Tantrums and Curls -or- On not being a kid person

It had taken me almost exactly 2 years, but that’s when it happened.  20 months, one week, and 2 days, to be exact. I only know this because somehow, as I stood there shaking in anger yet crying in my defeat, the left side of my brain suddenly clicked on for the first time since grade school. In that eternal 35 second flash of mental collapse, I effortlessly and involuntarily calculated, to the tee, my precise breaking point.

Almost 2 years of awkward Dad conversations, critical Mothers, countless nods of fake comprehension with pretending smiles and language barriers, yet it was a little French girl with saucer brown eyes and delicate curls that threw a tantrum so high and lasting, with screaming cries and kicking legs, that it was on that sunny Wednesday morning in Paris… I reached my breaking point.

 I exploded with a voice so deep and raging, it was as if the boiling blood of all past nannies who had ever had to deal with a demanding tantrum of a spoiled child was stabbing through my voice like an enraged demon set free.

The 7-year-old girl stood frozen, staring up at me in her Louis Vuitton shoes, with her mouth open in shock, left over tears staining her doll-like cheeks.

15 minutes later, she was giggling in the garden asking me to do cartwheels with her.
I was an Au Pair in Paris.

 ____________

I’m not very maternal. I’ve never awed at little girls giggling or had my ovaries skip a beat when I see a baby. The first time I even held a baby was when I was 21 years old, and it was only because a friend of mine had to pee during a wedding reception and shoved him in to my hands before I could gather an excuse or my wine glass. I have, in fact, been in a room multiple times where one friend held a newborn, the other her toddler, and myself, holding a heaping golden glass of Chardonnay.

I was not jealous.

For the past two years, however, my entire financial stability revolved around children. I was an Au Pair, in Paris and before I moved people I knew were amusingly confused when I told them this would be how I was going to make my living there.

But you’re so not a ‘kid person’, Kendall
would be a general response from many of my friends and family members.

They meant it well and I knew that. I think maybe even a lot of them just thought I was somehow not aware of that already. But I was. The complete truth being the only reason I took these child care positions was straight up visa and travel wants. I wanted to move to Europe and Au Pairing was and is the fastest, simplest route to getting a visa for France.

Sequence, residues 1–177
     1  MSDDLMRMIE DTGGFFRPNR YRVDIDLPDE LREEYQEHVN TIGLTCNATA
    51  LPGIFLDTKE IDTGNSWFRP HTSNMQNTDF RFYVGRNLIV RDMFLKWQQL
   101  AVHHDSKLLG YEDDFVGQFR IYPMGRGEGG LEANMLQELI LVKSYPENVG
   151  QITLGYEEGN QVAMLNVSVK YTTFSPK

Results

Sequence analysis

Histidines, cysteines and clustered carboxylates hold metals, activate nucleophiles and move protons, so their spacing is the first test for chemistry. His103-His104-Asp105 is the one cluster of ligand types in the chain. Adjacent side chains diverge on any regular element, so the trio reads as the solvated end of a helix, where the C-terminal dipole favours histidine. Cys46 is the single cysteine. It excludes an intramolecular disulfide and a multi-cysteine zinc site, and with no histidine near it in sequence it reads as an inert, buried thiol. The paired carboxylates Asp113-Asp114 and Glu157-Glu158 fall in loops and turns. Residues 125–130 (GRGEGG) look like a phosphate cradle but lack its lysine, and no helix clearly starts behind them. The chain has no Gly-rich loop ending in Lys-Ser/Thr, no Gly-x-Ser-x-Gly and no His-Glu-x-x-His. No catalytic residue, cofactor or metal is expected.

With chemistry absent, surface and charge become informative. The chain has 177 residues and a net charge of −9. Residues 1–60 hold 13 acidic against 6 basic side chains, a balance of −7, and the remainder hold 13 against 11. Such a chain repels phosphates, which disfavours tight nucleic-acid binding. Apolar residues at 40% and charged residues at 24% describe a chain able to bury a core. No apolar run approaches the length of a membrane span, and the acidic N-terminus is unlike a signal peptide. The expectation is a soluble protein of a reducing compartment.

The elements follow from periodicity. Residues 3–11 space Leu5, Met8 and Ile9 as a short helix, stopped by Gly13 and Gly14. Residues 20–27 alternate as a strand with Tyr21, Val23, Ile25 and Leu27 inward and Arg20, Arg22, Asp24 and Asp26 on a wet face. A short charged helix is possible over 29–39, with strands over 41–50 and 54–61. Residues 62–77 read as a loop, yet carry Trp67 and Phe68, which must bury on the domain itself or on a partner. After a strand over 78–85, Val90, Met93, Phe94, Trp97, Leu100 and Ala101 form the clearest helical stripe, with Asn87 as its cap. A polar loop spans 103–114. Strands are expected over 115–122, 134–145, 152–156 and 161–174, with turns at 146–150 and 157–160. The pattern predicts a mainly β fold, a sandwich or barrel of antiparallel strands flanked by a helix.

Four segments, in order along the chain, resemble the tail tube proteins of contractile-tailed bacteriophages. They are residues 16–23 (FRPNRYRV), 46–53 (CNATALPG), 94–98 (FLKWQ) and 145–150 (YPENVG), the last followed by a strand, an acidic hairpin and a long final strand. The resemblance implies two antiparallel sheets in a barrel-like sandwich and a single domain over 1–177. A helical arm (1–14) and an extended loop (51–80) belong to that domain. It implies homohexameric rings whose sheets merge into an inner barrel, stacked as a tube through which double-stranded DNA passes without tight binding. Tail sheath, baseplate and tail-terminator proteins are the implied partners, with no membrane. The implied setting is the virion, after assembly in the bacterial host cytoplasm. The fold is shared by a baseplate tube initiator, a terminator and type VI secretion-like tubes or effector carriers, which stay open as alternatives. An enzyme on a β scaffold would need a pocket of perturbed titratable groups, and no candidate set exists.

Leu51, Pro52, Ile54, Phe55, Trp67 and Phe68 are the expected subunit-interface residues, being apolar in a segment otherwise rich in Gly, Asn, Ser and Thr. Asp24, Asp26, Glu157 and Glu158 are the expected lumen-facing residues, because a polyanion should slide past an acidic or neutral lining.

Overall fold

The grey zone of the job is vast, having to remind myself, weekly, that I was a 25-year-old ‘adult’ instead of a 15-year-old lady-child idiot the French mothers would like you to believe you are. Unlike an office job where it’s about your actual work or a restaurant job where it’s about the service or food, being an Au Pair is sometimes just plain ol’ being judged on how you would raise a child, and how most of the time that is entirely and completely…Wrong.

I didn’t hate my entire time as an Au Pair, I really didn’t. I had moments where the kids and I got along and the parents were friendly enough. Where I felt I made a difference in a child’s life in some small way even if they won’t remember or maybe I just learned a new French slang word from eavesdropping on afterschool conversations. If nothing else, I never had to pay rent and made just enough to buy a bottle of wine and sit with other expats that have since become some my best friends.

Overall, I’m actually glad I was an Au Pair.

Because, even with the spoiled children or the demanding parents, those two years gave me more insight into my deeply hidden maternal instincts than I ever even knew existed.
Without meaning to, I actually developed an affection for all the little boogers.
Subconsciously noting, that at the end of the day, all kids are sticky little piles of screams sometimes.
While other times, they can actually be pretty cool to be around. For all the dramatic and spoiled there’s a knowledge thirsty and little love seeker in there. And, most importantly, the type of parent they have makes the biggest impact, not the yearly Au Pair who makes them dinner…which they never want to eat anyway.

By no means am I saying I am magically Mary friggin Poppins of child care love. I’m not. I still enjoy my Chardonnay and am in no rush to be a part of any birthing situation. Plus, if your kid’s a shithead…I still don’t want to hang out with them, pay or no pay. But I don’t actually cringe in fear, or annoyance, at the sight of my friends’ kids anymore. Instead I pop a squat and am more than willing, sometimes even happy, to sit with them while they show me their 27 different kinds of dinosaur figurines, none of which of course they want you to touch.